The Supreme Court on Wednesday sought to know from internet service provider Google whether it could “prevent” uploading of obscene contents like videos of sexual violence on websites. A bench of Justices M B Lokur and U U Lalit asked Google about its internal mechanism or “in-house procedure” to identify such obscene contents posted on websites and also about “how much can they do to prevent it”.
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“Can you not prevent it? We are simply asking you can you not prevent it,” the bench asked senior counsel Abhishek Manu Singhvi, who was representing Google India.
Singhvi said the company was unconditionally willing to cooperate on these issues and they should be informed about any such material posted on websites so that they can act.
He said the information about such material should come to them from the government or an adjudicating authority which could be a kind of filter. In the absence of these, a detailed in-house procedure could be adopted and they would get such contents deleted or withdrawn within 36 hours of receipt of information.
However, the bench asked, “Take for instance, nobody has reported (about any such material), do you act on your own to decipher it? We are asking, is it possible for you or not?”
Responding to it, Singhvi said, “No. Actually it is not possible for us…It is not something which we can discover on our own. If it is reported, we can do it. There is no legal obligation on me to discover”.
Advocate Aparna Bhat, who has been assisting the court as amicus curiae, told the bench that when the matter had come to fore, there were 8-9 such obscene videos on which the CBI had conducted investigation, but now several other such materials have surfaced and the agency must be directed to look into it.
To this, the bench observed, “We have not stayed any investigation. There is no stay on the investigation”.
Bhat argued that there should be a mechanism in place to ensure that no such videos or materials are uploaded on the Internet.
She also referred to the recent incident in Kerala where an actress was allegedly molested and abused inside her car and the act was purportedly recorded on a mobile phone.
The amicus also argued that Protection of Children from Sexual Offences (POCSO) Act, 2012, dealt with the issue of child pornography but the penal law was not sufficient to deal with the issue at hand. When the bench asked whether uploading an obscene video was an offence under the POCSO Act, Bhat said it was an offence only under the Information Technology (IT) Act.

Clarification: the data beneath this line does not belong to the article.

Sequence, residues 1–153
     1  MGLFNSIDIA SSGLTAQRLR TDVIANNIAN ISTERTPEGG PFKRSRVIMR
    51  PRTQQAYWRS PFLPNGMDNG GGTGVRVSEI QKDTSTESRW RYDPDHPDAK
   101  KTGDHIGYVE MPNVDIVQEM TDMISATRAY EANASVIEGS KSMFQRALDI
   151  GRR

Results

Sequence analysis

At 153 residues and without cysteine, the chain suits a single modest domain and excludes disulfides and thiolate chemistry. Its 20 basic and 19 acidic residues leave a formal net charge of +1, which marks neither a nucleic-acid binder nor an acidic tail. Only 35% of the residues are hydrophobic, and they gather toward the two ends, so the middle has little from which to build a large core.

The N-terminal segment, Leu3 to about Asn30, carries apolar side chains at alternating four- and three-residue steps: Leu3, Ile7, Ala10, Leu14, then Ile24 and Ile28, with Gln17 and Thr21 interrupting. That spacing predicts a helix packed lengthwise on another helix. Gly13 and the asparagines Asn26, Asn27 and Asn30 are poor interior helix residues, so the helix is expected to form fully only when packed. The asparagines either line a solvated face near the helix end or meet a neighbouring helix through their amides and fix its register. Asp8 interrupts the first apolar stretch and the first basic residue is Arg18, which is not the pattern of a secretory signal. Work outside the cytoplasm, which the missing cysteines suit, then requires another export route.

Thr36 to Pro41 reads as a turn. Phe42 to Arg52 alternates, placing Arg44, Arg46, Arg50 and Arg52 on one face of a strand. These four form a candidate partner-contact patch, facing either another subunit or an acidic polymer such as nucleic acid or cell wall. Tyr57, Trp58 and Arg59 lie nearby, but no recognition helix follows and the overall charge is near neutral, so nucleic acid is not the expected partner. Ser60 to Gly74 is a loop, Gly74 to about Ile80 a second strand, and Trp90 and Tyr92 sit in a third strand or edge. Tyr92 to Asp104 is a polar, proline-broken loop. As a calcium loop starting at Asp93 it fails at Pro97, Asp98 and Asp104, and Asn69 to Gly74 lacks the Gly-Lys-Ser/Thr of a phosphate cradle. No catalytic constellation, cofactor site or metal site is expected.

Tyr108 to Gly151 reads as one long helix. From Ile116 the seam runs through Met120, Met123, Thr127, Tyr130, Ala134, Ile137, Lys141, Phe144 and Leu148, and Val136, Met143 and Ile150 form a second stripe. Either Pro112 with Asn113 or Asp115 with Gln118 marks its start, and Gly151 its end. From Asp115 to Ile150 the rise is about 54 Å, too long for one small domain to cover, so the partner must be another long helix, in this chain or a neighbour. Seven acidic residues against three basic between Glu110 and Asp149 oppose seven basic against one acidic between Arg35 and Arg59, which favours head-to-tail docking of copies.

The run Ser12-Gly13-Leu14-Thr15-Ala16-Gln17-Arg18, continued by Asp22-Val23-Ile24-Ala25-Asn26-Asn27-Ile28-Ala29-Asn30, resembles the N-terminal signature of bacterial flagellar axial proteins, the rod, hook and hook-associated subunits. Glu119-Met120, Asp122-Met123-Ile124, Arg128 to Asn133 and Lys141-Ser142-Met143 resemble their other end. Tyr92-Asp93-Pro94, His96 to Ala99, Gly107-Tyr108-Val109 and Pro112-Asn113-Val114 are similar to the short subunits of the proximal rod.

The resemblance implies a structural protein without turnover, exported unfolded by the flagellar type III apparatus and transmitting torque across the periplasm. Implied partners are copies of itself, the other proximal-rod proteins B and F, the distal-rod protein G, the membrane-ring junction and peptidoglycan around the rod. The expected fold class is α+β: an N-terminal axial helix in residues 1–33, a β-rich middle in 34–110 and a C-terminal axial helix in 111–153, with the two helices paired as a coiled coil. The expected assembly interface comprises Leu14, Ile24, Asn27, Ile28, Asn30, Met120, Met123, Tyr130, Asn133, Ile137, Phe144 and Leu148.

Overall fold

She referred to a recent incident in Hyderabad where a person was arrested on the basis of an Interpol alert that he was uploading videos of sexual abuse of children on websites.
To this, the bench asked, “how does the Interpol get to know about it? Why our police could not do it?”
She said it is mandatory for internet service providers to cooperate with the agencies in the USA.
The arguments in the matter remained inconclusive and the court fixed the next hearing for February 27.
The apex court had yesterday asked internet service providers like Google whether there was any mechanism to identify culprits uploading obscene contents on websites.
It had not prima facie agreed with the submission that there cannot be preventive blockage but only curative blockage and said “we want prevention and not cure”.
Google had said that being an internet service provider, it only “catalogued” the contents hosted by it and offensive ones were taken off when they are brought to its notice.
Huge amounts of videos and other materials are uploaded every hour by websites on search engines like Google and it would be very difficult to analyse and block them before they are uploaded, the counsel appearing for Google had said.
The lawyer had said that government’s nodal agency could help the internet service providers in ensuring that objectionable contents are taken off.
The government had yesterday informed the apex court that it will set up a specialised nodal agency to block and curb sharing of sexual offence videos on social networking sites.
The apex court had on December 5 last year sought response from internet majors Google, Microsoft, Yahoo and Facebook on a plea seeking curbs on sharing of sexual offence videos on social networking sites and steps to check cyber crimes.
The court was hearing a letter sent to then Chief Justice of India H L Dattu by Hyderabad-based NGO Prajwala, along with two rape videos in a pen-drive.
It had taken suo motu note of the letter on the posting of these videos on WhatsApp and asked CBI to launch a probe forthwith to nab the culprits.
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